The attacks created widespread confusion among news organizations and air traffic controllers across the United States. All international civilian air traffic was banned from landing on U.S. soil for three days.[28] Aircraft already in flight were either turned back or redirected to airports in Canada or Mexico. News sources aired unconfirmed and often contradictory reports throughout the day. One of the most prevalent of these reported that a car bomb had been detonated at the U.S. State Department's headquarters in Washington, D.C. Soon after reporting for the first time on the Pentagon crash, some news media also briefly reported that a fire had broken out on the National Mall. Another report went out on the Associated Press wire, claiming that a Delta Air Lines airliner—Flight 1989—had been hijacked. This report, too, turned out to be in error; the plane was briefly thought to represent a hijack risk, but it responded to controllers and landed safely in Cleveland, Ohio.

Following the attacks, President Bush's job approval rating soared to 90%.[169] On September 20, 2001, the U.S. president spoke before the nation and a joint session of the United States Congress, regarding the events of that day, the intervening nine days of rescue and recovery efforts, and his intent in response to those events. In addition, the highly visible role played by New York City mayor Rudy Giuliani won him high praise nationally and in New York.[170]

Many relief funds were immediately set up to assist victims of the attacks, with the task of providing financial assistance to the survivors of the attacks and to the families of victims, such as the Coalition of 9/11 Families. By the deadline for victim's compensation, September 11, 2003, 2,833 applications had been received from the families of those who were killed.

Father Mychal F. Judge, OFM (born Robert Emmet Judge on May 11, 1933; died September 11, 2001) was a Roman Catholic priest of the Franciscan Order of Friars Minor, Chaplain of the Fire Department of New York, and the first recorded victim of the September 11, 2001 attacks!
Mychal "Father Mike" Judge: I just want you to know you are truly a inspirational man and gave his own life to help others, may the Lord bless you and always been remembered on 9/11/01! rest in peace, father!Father Mike, may you rest in the arms of Jesus who you shared with so many over your ministry. Thank you for sharing HIM with those hurt and dying on 9-11. remembering you after 9 years, may you rest in peace!

Lives Remembered

Mark Petrocelli, 29 had just received a promotion
He was at work early because of his new position
Date of Death 9/11/2001
By Maura Yates
Advance staff writer
Sunday, 09/23/2001

Things were going well for Mark Petrocelli. About to turn 29 on September 13, he had just received a promotion as a commodities broker on the newly emerging Brent market on the commodities exchange.

Instead of having breakfast with his wife Nicole, as he normally did, he left the house an hour earlier than usual on the morning of Tuesday, Sept. 11, to head off to his first meeting in his new position on the 92nd floor of Tower 1. His wife asked why he was leaving so early, and he replied, "I'd rather be 20 minutes early than 20 minutes late. I want to make a good impression."

When his wife and family heard the news that there had been a plane crash at the World Trade Center, they were alarmed because they knew he worked in the area, but they had no idea his meeting was in the building.

His father, Albert Petrocelli, a Battalion Chief in Brooklyn, and his brother, Albert, Jr., a firefighter with Ladder 105 in Brooklyn, both rushed to the scene, worrying about their comrades, not knowing that Mark was in the building, too.

Mark himself was going to become a firefighter, and had been called by the Fire Department last year, when he decided that he would rather seek a career on Wall Street.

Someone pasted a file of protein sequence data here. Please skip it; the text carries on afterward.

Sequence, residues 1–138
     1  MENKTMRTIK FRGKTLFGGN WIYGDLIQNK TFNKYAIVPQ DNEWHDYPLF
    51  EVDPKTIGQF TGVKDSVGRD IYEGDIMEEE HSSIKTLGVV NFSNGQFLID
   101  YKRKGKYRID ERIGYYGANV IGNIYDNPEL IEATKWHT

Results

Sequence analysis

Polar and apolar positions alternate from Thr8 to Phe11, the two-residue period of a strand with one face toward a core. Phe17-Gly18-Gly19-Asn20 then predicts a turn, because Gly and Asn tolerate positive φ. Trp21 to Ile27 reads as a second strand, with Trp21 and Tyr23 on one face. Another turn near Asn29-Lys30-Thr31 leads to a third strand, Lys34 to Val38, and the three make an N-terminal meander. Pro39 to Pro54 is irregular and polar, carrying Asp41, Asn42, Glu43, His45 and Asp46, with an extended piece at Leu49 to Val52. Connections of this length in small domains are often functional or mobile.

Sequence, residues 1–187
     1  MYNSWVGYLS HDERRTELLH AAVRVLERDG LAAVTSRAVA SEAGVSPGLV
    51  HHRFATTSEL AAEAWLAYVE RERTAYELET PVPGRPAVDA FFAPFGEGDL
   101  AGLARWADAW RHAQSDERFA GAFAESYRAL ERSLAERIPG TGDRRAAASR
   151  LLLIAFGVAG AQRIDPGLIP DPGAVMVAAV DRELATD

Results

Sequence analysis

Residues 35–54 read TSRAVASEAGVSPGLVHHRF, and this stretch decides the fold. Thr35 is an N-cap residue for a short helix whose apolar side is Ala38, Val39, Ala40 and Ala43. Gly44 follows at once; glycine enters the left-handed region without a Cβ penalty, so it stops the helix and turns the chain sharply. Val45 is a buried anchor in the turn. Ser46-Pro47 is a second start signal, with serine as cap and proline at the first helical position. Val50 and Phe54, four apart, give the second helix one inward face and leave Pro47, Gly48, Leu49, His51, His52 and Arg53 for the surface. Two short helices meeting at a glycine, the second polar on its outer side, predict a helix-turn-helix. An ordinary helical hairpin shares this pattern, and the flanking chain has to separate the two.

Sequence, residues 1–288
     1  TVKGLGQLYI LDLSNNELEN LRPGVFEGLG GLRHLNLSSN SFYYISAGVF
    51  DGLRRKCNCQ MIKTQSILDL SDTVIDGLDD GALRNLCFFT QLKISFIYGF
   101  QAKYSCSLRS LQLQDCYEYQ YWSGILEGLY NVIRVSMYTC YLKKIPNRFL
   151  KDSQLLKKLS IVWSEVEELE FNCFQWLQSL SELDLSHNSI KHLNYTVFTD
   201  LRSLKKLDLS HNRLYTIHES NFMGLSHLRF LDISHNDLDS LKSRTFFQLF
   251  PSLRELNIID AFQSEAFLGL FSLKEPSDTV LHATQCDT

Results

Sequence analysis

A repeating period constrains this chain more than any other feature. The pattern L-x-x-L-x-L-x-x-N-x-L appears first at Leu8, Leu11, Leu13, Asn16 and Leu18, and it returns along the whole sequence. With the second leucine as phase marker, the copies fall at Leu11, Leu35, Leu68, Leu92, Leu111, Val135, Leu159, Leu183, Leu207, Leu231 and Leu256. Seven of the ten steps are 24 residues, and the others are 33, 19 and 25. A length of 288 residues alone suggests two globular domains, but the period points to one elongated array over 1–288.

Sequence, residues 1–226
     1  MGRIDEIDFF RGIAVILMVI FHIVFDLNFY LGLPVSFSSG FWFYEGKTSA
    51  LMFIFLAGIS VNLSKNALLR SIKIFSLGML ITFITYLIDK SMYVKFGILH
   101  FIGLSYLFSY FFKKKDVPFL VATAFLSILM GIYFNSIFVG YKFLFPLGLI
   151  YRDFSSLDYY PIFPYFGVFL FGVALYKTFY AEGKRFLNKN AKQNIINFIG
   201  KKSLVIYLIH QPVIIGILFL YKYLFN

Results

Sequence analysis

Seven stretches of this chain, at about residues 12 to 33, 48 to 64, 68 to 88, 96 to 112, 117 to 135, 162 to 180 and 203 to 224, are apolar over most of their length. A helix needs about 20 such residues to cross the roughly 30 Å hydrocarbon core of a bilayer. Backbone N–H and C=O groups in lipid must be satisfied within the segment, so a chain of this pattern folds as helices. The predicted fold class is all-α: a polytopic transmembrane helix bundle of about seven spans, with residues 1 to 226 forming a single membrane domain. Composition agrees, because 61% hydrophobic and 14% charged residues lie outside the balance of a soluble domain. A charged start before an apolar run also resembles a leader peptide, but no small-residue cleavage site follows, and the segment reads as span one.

"He just got this promotion; everyone was so happy for him. He was so happy. In light of his father and brother being firefighters, it was too much pressure — he wanted the excitement of the trading floor."

After the family learned that Mr. Petrocelli had in fact been in the building, a brief glimmer of hope came in the form of an Internet listing of survivors with an "O.K." next to his name. It turned out to be a bogus list.

"I had so much hope for so long," his wife, Nicole, said. "We were searching frantically for him." The family had desperately gone from hospital to hospital trying to track him down. The reality of the disaster has finally hit the family. "I think it's time for us to get together and give him a good-bye kiss," Mrs. Petrocelli said.

In addition to being excited about his promotion, Mr. Petrocelli was also looking forward to his birthday, and the meal his wife was planning to make for him. "He was looking forward to his favorite birthday dinner— macaroni and plum tomatoes. We went to Waldbaum's on Monday and he hand-picked his 17 tomatoes." Mr. Petrocelli had a great love for his family and friends, and looked forward to spending as much time with them as possible.

"The Sunday night before it happened, we had everyone over here for a barbecue," his father said. "Everyone we can think of, but the day it happened, except for his wife, nobody said good-bye."

He was also known for his sparkling personality, and perpetual cheerfulness. "He wasn't a face in the crowd; he was the face in the crowd. When he walked in the room, things were going to happen," his father said. "We can't find a picture of him without a smile on his face. He didn't regret a day."

"We were so very deeply in love. I miss him so much. I feel that he's with me. I know that he is," his wife said.

Born in Brooklyn, Mr. Petrocelli and his family moved to Oakwood in 1974. They later moved to Huguenot in 1977, where he lived until 1998 when he married Nicole DeCell.

He and his wife had bought a house in Great Kills six months before their wedding, and he was intent on restoring it before they moved in. His pride and joy was his backyard, which he built from the ground up. He was always so happy to have friends over for their famous summer barbecues.

A graduate of St. Joseph by-the-Sea, Huguenot, he was an altar server during his high school years, which he described as the "best four years of my life."

He was selected to serve mass with Cardinal O'Connor at St. Patrick's Cathedral, Manhattan. He went on to attend the College of Staten Island, but transferred to Hunter College, Manhattan, after being recruited for that school's wrestling team. A shoulder injury ended his wrestling career, and he returned to CSI, where he earned a bachelor of arts degree in psychology.

Mrs. Petrocelli and her friends have been putting together 10 large collages of pictures and sayings for the tribute to his life that is planned for tomorrow from 4 to 10 p.m. in Our Lady Star of the Sea R.C. Church, Huguenot.

In addition, a funeral mass will be celebrated at the Church of the Assumption, West Brighton, on Tuesday at 11 a.m.

Dear Mark,Hey Buddy I am still upset that you are gone and deceased. Its already 9 years since this tragic day in history, i miss you buddy, you are always in my prayers. rest in peace!

lest we forget this day remember those who lost their lives to this day event in history remember today on the 9th year of remembrance!